For local individuals with a broad range of special needs, Archway Programs provides the help they need to live full lives.
Most artists create art with their hands. Erica Barker uses her mouth. The Cherry Hill resident was born with Arthrogryposis Multiplex Congenita (ACM), a rare muscle and joint condition that affects Barker’s limbs, giving her limited use of her arms and restricting her to a motorized chair orbited by her service dog, a yellow Labrador named Cyrus the Extraordinaire. But, with a little help, this woman is able to live independently.
For more than 15 years now, Barker has received assistance through Atco-based Archway Programs, Inc.—a nonprofit social services agency that offers a wide variety of programs and schools to help those with special needs. Barker takes part in the Archway program known as Resources for Independent Living (ReFIL), which is funded by the New Jersey Department of Human Services’ Division of Developmental Disabilities. While the state provides twice-daily visits by a home health care aid, Archway covers the difference, providing 80 extra hours of assistance each month that Barker can use to help with daily routines such as trips to the grocery store and a much-needed third visit to the bathroom.
“I would not be able to live independently if I didn’t have the ReFIL program,” says Barker. “The ReFIL program is designed for self-directing people like myself, who are pretty severally physically limited…. It’s really there to help those who need a little extra just in order to remain living on their own.”
Archway Programs Inc. started in 1965, as Camp Happy Times, a summer day camp for children with disabilities. At a time when summer options for such children were limited, the camp provided an opportunity to swim in the lake and socialize. From there, the program took off. Now, “We employ 460 people [and] are a major employer in the lower part of Camden County,” says Archway’s chief executive, Dan Martin, a former school superintendent in Winslow and Westampton townships. Altogether, Archway serves about 3,000 people each year. “We’re able to make their lives easier. We’re able to enhance their family lives. We’re able to provide relief to the families who have children they need to take care of and can’t necessarily take care of by themselves,” Martin says.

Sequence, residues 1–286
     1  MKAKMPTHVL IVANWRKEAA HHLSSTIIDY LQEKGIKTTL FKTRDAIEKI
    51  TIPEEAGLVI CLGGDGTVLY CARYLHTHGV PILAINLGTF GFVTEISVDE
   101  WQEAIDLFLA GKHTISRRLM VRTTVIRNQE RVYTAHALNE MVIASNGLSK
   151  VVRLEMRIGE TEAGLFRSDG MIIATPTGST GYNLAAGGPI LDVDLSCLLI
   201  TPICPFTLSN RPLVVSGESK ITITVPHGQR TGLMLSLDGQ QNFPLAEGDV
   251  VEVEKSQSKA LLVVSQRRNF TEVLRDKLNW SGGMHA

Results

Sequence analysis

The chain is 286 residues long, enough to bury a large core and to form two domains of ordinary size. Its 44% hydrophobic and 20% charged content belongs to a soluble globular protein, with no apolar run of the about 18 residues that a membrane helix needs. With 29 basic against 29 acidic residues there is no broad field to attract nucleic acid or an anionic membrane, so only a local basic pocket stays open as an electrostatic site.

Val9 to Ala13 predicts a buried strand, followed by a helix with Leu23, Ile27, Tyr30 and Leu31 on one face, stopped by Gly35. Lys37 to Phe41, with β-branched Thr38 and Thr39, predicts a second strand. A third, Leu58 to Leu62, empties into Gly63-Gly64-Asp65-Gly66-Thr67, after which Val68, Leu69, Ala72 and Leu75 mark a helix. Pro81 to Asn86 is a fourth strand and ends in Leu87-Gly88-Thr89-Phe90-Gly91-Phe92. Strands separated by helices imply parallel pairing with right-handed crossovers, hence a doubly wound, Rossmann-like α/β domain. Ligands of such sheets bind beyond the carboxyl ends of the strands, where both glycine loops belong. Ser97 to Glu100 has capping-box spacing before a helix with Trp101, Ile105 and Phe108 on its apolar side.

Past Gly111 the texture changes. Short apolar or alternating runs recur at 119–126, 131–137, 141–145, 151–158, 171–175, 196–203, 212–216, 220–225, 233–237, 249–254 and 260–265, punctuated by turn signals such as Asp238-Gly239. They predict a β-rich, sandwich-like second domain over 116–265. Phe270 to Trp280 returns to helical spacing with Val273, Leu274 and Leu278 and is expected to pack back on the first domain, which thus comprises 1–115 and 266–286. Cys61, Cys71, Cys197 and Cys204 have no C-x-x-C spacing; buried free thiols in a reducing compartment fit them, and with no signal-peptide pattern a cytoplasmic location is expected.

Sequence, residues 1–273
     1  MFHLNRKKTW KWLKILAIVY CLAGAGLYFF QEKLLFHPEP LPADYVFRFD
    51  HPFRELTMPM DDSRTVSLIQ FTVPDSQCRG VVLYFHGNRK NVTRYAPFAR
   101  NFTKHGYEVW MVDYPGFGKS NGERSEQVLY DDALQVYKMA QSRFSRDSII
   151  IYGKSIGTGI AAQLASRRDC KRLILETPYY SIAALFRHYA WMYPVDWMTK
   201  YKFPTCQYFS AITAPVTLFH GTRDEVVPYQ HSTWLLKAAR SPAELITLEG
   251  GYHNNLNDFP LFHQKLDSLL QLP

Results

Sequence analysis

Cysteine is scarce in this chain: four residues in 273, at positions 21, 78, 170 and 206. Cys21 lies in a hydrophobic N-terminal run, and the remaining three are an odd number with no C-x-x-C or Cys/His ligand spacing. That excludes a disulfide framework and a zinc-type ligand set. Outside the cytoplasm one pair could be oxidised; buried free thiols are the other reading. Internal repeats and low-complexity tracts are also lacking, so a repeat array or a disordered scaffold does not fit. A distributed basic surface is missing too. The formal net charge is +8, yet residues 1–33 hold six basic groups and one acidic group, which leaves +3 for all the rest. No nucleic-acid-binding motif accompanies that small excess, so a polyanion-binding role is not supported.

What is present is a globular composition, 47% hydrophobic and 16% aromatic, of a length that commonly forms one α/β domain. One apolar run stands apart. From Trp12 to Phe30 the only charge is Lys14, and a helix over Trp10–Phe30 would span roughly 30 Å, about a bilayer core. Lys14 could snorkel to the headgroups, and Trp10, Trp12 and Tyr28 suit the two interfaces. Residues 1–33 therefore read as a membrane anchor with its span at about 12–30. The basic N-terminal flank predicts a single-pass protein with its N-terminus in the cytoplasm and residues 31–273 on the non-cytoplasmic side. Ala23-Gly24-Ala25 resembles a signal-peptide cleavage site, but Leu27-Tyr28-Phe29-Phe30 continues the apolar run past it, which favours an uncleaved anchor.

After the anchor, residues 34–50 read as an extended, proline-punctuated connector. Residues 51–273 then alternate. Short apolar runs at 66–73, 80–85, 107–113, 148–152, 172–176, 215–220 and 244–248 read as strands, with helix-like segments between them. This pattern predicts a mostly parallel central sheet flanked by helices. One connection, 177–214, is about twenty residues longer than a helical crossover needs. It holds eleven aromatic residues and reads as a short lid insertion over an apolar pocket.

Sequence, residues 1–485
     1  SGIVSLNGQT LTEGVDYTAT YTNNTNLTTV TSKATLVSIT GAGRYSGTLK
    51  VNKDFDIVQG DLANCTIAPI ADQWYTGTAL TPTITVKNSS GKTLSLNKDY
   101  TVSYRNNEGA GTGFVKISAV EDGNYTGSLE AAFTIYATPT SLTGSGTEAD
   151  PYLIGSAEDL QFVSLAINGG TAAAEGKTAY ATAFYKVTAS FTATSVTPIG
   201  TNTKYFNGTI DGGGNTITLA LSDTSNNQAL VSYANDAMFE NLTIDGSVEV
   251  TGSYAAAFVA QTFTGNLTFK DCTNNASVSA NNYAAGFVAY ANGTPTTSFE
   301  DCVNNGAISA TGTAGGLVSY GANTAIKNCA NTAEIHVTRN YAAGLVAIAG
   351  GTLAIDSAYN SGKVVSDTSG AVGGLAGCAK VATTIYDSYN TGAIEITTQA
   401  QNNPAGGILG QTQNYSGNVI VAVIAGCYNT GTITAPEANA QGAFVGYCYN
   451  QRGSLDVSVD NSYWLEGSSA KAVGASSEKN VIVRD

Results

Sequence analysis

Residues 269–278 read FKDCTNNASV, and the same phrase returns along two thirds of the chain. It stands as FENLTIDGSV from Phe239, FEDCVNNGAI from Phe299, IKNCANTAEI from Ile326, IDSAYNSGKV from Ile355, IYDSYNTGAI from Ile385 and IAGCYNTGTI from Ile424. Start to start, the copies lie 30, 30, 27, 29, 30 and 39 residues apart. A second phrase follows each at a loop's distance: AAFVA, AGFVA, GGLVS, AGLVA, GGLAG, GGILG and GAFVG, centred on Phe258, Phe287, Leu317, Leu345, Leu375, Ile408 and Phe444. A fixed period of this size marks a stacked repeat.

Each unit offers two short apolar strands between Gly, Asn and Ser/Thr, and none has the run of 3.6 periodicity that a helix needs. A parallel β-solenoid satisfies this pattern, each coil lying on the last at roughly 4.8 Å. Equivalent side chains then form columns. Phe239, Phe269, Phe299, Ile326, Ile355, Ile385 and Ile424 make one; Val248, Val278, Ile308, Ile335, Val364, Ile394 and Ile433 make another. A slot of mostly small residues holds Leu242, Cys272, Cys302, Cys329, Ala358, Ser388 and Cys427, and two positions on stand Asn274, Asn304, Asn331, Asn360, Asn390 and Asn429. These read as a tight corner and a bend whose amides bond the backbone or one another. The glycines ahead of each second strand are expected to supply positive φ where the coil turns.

Archway offers an upper school for students ages 8 through 21 with behavioral and emotional disabilities, and a lower school for students ages 3 to 21 with multiple disabilities, communication disabilities and autistic spectrum disorders. Among the 18 programs at Archway, a “Step by Step” early intervention program, which includes an evaluation that devises a customized therapy plan, is offered for children from birth to 3 years old. A school-age childcare program, “Just Kids,” offers before- and after-school care at 33 different schools within 13 school districts. As well, four residential homes, staffed 24-7, are available for adult clients to live in.
Like Barker, John King of Browns Mills has benefited from Archway’s aid. King, 17, was diagnosed with autism at a young age and has been attending Archway’s lower school since first grade. King’s father notes that his son can read, write and do long division, and he’s the go-to guy at home for computer and electronic problems. But, he needs helps in other areas such as buttoning and zipping his pants, swimming and riding a bike. King’s parents credit Archway for his vast improvement. As part of his regular physical therapy at school, he was taught how to ride a bike. Now, he often hops on the NJ Transit bus to downtown Pemberton, where he rides his bike around town on his own.
The same goes for swimming, another basic skill that King’s father, whose name is also John, says he never managed to teach his son. “As much as I would try and try, either it was the father-son relationship just is not the same or I didn’t have the time, he wasn’t getting it from me,” King’s father says. “But school taught him those things. Archway specifically taught him those things.”
Through Archway’s varied programs, people like King and Barker say they’re able to do more than merely get by. They’re given an opportunity to thrive.
Because of the support she receives, Barker is able to spend her time creating artwork in paint, watercolor, charcoal, pencil and ink. “Really it’s my inner world, most of my artwork is my inner world: it’s me working out my stuff. It’s kind of a form of therapy in many ways for me,” she says.
As for King, his father says the progress he’s made has given them more hope than the family had thought possible. “We don’t expect the school to do it all, they aren’t miracle workers,” he says. “It’s a team effort; I’m glad they are there and part of our team.”
Published (and copyrighted) in South Jersey Magazine, Volume 7, Issue 12 (March, 2011).
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